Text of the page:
What triggers a runoff election in Texas?
With hundreds of candidates vying for local or statewide office, there is a chance a winner won’t be declared after the primary. Here's a simple breakdown of what triggers a runoff election and when they will be held.
After Tuesday, Texans will have a clearer picture of what the rest of the 2022 election season will look like as the general election stage will be set for most local and statewide races.
But in some contests with multiple candidates, primary season could be extended by a couple months if a runoff election is required to declare an ultimate winner.
If a candidate fails to earn a majority of the total vote, they will head to a runoff with the second-highest vote getter. Texas election law specifies that means that, to avoid a runoff, a candidate must earn more than 50 % of the vote, said Sam Taylor, a spokesperson for the Texas Secretary of State.
“A majority is 50 % plus one vote, it can’t be exactly 50 percent,” he said.
Taylor stressed it’s important for voters to remember election night returns are considered unofficial and it’s only until the votes are canvassed between 10 to 20 days after the election that the results are official. That means, while in some races the margin of victory will be wide enough where a winner can be assumed, the outcomes of closer races might require more time to determine. Election officials will also take time to count provisional ballots and overseas ballots, or fix any issues with mail-in ballots. (A timeline of deadlines to count mail-in, overseas and other ballots can be found here.)
“If [unofficial results] are super tight on election night, then it would have to wait until the canvass to determine whether or not those are going to the runoff,” Taylor said.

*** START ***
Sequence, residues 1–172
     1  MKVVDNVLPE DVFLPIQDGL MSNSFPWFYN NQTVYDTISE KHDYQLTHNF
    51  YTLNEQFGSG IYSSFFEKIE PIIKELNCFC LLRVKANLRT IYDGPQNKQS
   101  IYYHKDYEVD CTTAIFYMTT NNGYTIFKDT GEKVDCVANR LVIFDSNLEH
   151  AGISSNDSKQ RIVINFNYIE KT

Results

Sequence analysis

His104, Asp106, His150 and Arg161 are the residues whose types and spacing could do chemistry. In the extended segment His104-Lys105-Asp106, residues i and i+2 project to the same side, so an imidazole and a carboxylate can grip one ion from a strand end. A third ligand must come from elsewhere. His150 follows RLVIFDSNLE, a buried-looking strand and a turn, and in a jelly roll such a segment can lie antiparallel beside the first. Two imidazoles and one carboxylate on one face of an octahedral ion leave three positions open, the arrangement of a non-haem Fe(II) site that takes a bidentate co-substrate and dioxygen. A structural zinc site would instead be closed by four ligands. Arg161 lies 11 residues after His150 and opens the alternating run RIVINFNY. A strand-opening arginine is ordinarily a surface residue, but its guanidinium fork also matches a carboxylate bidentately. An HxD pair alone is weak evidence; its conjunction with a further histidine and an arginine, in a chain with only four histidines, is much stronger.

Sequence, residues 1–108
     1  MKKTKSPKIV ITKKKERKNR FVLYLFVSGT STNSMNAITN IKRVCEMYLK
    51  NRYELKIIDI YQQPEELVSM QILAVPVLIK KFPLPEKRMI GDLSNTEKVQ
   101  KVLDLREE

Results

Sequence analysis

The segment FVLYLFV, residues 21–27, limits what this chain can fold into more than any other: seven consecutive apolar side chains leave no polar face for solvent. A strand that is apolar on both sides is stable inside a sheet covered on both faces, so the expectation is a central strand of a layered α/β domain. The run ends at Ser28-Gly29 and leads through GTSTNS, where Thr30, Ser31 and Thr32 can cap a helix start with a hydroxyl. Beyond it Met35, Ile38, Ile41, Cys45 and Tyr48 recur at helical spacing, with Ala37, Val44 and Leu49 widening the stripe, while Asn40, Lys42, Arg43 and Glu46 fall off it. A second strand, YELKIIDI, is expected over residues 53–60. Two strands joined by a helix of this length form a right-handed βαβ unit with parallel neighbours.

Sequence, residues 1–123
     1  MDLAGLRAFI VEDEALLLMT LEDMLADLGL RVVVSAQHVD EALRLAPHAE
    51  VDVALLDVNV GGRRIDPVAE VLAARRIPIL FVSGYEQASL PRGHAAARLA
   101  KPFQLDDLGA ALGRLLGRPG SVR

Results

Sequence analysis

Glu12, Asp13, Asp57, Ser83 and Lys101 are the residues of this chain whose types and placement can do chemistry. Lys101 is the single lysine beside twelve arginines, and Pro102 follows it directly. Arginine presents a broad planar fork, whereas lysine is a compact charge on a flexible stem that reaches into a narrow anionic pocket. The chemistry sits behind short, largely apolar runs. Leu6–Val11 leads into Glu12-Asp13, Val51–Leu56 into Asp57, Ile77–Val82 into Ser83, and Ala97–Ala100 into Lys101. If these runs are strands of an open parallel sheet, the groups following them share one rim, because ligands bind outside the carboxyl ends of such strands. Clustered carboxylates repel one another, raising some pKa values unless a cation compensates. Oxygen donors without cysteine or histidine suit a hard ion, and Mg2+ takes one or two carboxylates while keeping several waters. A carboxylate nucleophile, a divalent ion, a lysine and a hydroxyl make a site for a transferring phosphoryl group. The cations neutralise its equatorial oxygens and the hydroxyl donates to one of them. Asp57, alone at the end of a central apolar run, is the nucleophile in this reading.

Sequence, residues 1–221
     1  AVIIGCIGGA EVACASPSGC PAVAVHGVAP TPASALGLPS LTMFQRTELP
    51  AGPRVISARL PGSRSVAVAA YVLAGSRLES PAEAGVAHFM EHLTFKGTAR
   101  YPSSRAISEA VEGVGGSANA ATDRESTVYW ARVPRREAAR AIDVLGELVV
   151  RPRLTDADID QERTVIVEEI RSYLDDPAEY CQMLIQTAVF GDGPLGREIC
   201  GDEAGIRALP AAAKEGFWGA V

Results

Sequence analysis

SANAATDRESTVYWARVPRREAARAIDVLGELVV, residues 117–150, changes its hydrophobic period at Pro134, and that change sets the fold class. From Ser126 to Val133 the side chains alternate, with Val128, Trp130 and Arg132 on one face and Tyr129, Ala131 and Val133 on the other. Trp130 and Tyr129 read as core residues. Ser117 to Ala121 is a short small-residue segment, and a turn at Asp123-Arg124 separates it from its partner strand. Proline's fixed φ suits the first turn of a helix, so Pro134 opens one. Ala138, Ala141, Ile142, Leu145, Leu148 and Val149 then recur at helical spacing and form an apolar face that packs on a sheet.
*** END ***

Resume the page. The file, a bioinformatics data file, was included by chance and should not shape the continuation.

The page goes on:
Taylor also asked voters to remember they can only vote in the runoff election for the party they voted for in the primary election. However, if a voter did not cast a ballot in the primary, they can vote in either a Democratic or Republican runoff race.
Election day for runoff elections is May 24; early voting begins May 16 and runs through May 20.
Beyond runoffs, Texas candidates for public office may also ask for a recount of ballots in a contested race if certain requirements are met. To initiate a recount, the total vote difference between the candidate requesting one and the candidate who received the most votes must be less than 10 % of the latter’s vote total.
For example, if Candidate A received 950 votes and candidate B received 1,000, a recount could be requested because the difference, 50 votes, is less than 10 % of 1,000.
The secretary of state’s office also clarified that a recount, which is argued in court, is not the same as an election contest. Official rules for and costs associated with a recount can be found here.